Micha Anderson, president of Chastain Chem-Dry, a carpet-cleaning service in Atlanta, spends $1,625 a month for 750 clicks from BellSouth – meaning BellSouth will keep bidding on keywords until at least 750 people click on Chastain Chem-Dry’s ads and land on the business’s site each month. BellSouth buys ads on Web sites including Yahoo.com, InfoSpace Inc.’s InfoSpace.com and Switchboard.com, and Ask.com, which is owned by IAC/InterActiveCorp. BellSouth keeps a percentage of the monthly fee depending on how many clicks are purchased.

Mr. Anderson says he doesn’t pay attention to what keywords have been purchased on his behalf. He just knows that the traffic to his Web site has nearly quadrupled since the program began. “I don’t know what exactly are the mechanics of how they drive the traffic for us,” he says, “but it’s effective.”

Charles Stubbs, chief executive of YellowPages.com, a joint venture between AT&T and BellSouth, says, “Small-business people are busy people and they don’t have time to spend two hours a day to manage their online advertising accounts.”

There’s a price for that convenience, however. Kirsten Mangers, the chief executive of WebVisible, the company that manages the bundle-of-clicks technology for Donnelley and others and trains sales representatives to sell those clicks, says that “if the average cost per click is 50 cents or a dollar, (the customer) may (actually) spend $2 or more for a click,” but they are paying for the yellow pages to manage their accounts.

WebVisible, a unit of Atlanta-based SME Global Solutions Inc., buys between 300 and 600 keywords for each business and uses proprietary software to manage the advertising campaigns. Since some clicks cost more than others, WebVisible manages the bidding to allow its clients to offer flat-rate click packages.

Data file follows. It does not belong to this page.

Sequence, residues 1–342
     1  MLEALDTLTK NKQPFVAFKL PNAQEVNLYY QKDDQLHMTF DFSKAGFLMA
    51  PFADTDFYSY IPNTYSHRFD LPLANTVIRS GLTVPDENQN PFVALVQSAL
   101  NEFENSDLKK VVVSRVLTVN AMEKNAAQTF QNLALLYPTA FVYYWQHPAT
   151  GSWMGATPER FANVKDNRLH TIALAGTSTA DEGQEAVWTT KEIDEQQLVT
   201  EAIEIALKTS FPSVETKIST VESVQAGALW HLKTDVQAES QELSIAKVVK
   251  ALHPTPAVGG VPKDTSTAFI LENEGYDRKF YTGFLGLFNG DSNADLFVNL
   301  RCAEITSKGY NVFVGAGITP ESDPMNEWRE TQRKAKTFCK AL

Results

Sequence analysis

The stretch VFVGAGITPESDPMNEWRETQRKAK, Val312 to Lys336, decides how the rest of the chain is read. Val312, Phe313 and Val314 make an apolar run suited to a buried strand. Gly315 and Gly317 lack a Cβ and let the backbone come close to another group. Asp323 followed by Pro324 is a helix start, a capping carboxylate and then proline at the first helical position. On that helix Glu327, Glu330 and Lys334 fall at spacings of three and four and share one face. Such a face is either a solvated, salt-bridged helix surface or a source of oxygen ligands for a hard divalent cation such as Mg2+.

Mr. Anderson of Chastain Chem-Dry pays top dollar for his clicks – about $2.17 per click, based on a monthly fee of $1,625 for 750 clicks. The top bid recently for “carpet cleaner” on Yahoo was $1.20 per click, according to information available on Yahoo’s Web site.

Yellow Book USA Inc., the leading independent publisher of yellow pages, says the markup of clicks can inflate costs for small businesses. “In the bundle-of-clicks model, there is an incentive for the middleman to maximize his profit at the expense of the advertisers,” says Gordon Henry, chief marketing officer of Yellow Book USA.

Yellow Book says it’s in the process of rolling out a product called WebReach, which won’t charge a flat fee to advertisers. Instead, advertisers will pay according to the price of the clicks purchased – so barbers will likely pay less per click than mortgage brokers. Mr. Henry adds that WebReach will only purchase ads on the top-tier search engines – Yahoo, Google, Ask.com, Microsoft Corp.’s MSN.com and Time Warner Inc.’s AOL.com – unlike other yellow pages, which purchase across as many as 30 sites.